The Nairobi Securities Exchange (NSE), which lagged African counterparts in dollar returns due to the shilling’s 6.8 percent decline in the first quarter of the year, lost some of its appeal to foreign investors.
In the three months leading up to March, the Morgan Stanley Capital International (MSCI) Kenya Index, which advises foreign investors on local market assets, showed a return of -20.2.
None of the other nine African markets that the index tracked had a return that was less than a negative 7%. In the time frame, four of the markets—Nigeria, Senegal, Tunisia, and Zimbabwe—had gains ranging from 1.8 percent to 41 percent. The returns from the other five markets—South Africa, Egypt, Botswana, Mauritius, and Morocco—ranged from -1.3 to -6.1 percent.
In order to reflect the rising interest rate environment, US Treasury bond yields have been increasing. Foreign investors have thus been trying to lower the amount of risk they are taking in frontier markets. This led to worries regarding dividend and return repatriation, which were then compounded by the country’s falling shilling and dollar liquidity restrictions.
Due to its position as the most valuable company on the NSE, Safaricom has the most weight in the MSCI Kenya Index. However, over the past quarter, its price has fallen by 25%. While Equity saw a 2.2 percent increase, KCB’s share price fell by 6.8 percent.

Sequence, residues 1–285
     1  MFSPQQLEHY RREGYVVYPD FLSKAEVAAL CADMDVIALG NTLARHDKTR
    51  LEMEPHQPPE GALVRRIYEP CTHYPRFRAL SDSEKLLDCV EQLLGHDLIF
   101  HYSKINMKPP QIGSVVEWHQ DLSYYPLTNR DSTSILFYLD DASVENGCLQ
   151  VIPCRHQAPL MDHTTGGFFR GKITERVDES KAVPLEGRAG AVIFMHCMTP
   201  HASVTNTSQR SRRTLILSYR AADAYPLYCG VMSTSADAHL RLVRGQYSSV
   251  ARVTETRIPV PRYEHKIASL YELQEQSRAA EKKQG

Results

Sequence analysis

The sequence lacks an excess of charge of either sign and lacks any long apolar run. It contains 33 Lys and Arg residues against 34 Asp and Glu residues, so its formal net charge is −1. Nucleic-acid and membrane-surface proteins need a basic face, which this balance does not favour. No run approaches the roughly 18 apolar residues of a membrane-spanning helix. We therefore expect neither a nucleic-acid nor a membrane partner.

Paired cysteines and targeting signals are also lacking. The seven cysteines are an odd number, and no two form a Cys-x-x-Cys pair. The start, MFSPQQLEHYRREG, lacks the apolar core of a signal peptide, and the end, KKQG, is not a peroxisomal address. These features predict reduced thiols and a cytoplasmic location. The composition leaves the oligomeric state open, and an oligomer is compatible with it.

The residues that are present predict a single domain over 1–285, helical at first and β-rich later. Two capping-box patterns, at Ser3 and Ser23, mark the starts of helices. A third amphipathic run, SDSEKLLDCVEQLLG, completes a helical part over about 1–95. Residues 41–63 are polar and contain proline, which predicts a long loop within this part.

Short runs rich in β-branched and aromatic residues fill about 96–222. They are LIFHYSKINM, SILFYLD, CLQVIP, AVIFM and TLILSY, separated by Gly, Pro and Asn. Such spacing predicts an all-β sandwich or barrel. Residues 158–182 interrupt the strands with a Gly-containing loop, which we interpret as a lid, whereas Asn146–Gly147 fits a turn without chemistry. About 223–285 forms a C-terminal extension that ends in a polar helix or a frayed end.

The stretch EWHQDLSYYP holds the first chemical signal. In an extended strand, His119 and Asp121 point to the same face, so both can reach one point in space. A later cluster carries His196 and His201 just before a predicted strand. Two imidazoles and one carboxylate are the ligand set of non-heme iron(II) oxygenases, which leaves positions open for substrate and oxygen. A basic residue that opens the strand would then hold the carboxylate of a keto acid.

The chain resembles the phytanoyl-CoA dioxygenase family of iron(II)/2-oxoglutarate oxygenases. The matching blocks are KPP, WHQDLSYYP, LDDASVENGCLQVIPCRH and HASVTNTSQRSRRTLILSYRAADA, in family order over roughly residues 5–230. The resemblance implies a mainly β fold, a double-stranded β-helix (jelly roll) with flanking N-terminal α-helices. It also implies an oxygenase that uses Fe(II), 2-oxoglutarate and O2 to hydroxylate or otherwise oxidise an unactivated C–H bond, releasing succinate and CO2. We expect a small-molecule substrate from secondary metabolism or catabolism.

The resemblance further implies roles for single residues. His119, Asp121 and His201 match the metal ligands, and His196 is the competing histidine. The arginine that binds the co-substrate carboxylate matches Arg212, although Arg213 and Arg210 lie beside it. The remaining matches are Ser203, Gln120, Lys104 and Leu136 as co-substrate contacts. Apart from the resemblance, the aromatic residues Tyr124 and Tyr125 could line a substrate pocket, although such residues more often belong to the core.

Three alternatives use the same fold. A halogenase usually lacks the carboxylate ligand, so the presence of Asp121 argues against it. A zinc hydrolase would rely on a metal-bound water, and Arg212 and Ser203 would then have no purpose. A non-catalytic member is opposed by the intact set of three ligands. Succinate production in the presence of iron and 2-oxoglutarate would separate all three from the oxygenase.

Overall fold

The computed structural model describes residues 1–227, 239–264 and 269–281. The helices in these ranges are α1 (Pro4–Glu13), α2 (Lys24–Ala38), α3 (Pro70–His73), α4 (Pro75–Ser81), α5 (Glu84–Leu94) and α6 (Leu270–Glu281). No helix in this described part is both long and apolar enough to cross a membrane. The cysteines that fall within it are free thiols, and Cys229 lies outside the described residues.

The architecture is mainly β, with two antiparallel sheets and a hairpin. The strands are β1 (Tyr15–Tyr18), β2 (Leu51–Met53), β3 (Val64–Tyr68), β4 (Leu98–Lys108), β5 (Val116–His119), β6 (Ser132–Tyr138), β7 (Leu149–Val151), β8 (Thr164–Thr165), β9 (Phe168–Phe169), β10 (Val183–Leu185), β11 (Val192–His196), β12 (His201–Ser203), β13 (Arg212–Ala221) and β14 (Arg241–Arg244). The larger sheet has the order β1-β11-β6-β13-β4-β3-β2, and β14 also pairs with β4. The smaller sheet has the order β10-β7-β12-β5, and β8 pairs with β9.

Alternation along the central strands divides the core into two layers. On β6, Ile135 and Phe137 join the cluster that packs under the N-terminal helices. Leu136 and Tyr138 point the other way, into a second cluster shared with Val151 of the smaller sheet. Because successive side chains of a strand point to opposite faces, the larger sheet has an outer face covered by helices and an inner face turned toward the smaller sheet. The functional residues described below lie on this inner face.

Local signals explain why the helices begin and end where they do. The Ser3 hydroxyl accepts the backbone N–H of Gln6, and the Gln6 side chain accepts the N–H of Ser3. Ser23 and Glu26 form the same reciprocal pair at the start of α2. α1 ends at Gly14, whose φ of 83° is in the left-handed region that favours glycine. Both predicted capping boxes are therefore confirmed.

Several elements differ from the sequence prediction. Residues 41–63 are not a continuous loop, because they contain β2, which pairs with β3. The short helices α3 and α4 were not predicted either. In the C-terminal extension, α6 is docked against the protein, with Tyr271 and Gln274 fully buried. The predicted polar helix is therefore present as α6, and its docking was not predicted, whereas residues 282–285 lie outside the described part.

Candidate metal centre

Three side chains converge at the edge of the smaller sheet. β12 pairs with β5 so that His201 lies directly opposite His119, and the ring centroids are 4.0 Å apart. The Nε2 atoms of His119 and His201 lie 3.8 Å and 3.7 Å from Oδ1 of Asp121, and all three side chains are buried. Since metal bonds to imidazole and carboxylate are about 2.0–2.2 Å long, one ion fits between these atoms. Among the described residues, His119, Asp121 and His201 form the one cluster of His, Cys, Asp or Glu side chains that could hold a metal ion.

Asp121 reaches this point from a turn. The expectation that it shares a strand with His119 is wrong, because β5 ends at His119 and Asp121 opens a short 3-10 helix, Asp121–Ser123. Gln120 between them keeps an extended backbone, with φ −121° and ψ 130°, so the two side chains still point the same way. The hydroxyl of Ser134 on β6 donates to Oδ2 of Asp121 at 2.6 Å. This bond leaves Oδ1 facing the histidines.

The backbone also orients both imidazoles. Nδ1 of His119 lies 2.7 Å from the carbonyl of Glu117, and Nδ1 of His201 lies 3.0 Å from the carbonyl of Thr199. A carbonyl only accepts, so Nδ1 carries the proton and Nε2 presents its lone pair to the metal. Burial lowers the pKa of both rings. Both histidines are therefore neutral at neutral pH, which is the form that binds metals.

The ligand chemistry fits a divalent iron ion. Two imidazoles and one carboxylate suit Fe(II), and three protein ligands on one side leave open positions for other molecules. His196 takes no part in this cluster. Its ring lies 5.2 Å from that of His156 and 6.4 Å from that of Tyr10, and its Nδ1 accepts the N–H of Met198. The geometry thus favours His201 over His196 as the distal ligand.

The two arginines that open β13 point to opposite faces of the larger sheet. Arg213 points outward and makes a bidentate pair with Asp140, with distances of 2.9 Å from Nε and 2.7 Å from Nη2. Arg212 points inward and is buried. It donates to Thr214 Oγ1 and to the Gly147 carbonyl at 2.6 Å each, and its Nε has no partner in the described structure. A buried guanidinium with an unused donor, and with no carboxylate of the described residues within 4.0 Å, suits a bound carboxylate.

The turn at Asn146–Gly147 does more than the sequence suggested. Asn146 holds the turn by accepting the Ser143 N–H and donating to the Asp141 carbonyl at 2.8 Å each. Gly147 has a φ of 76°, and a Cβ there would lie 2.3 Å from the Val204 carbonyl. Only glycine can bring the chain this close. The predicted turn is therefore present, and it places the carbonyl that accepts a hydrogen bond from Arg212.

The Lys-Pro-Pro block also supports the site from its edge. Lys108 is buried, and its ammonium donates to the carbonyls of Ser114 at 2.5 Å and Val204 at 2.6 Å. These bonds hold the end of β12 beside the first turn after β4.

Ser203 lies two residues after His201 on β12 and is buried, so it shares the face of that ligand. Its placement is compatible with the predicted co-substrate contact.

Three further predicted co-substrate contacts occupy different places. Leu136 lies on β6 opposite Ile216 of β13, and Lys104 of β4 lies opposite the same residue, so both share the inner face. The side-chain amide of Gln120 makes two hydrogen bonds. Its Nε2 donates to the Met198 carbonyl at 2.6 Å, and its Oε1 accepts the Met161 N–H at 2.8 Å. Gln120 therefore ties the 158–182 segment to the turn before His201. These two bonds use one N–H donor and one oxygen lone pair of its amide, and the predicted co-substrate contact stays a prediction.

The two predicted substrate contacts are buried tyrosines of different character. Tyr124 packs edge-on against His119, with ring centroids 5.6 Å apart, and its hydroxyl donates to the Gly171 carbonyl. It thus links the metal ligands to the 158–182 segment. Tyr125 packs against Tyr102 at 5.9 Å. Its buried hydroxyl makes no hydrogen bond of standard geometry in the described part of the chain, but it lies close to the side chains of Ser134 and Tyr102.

The benchmark NSE 20 Share Index decreased by 3.2 percent during this time, while the All-Share Index dropped by 11.5 percent.
Due to the stock’s high liquidity and strong financial performance, including profits and dividends, foreign investors have disproportionate exposure to it.
The exchange losses that international investors would incur if they converted their sales to dollars exacerbated their paper losses, which is why the MSCI index fell more precipitously than the NSE’s shilling indices.
Foreign investors exchange their dollars for shillings when they first enter the market, and they do the opposite when they exit to move money abroad.
Therefore, the performance of the dollar versus the shilling has a significant impact on the stock market for international investors, who may experience exchange losses or profits depending on whether the shilling is weakening or strengthening against the dollar.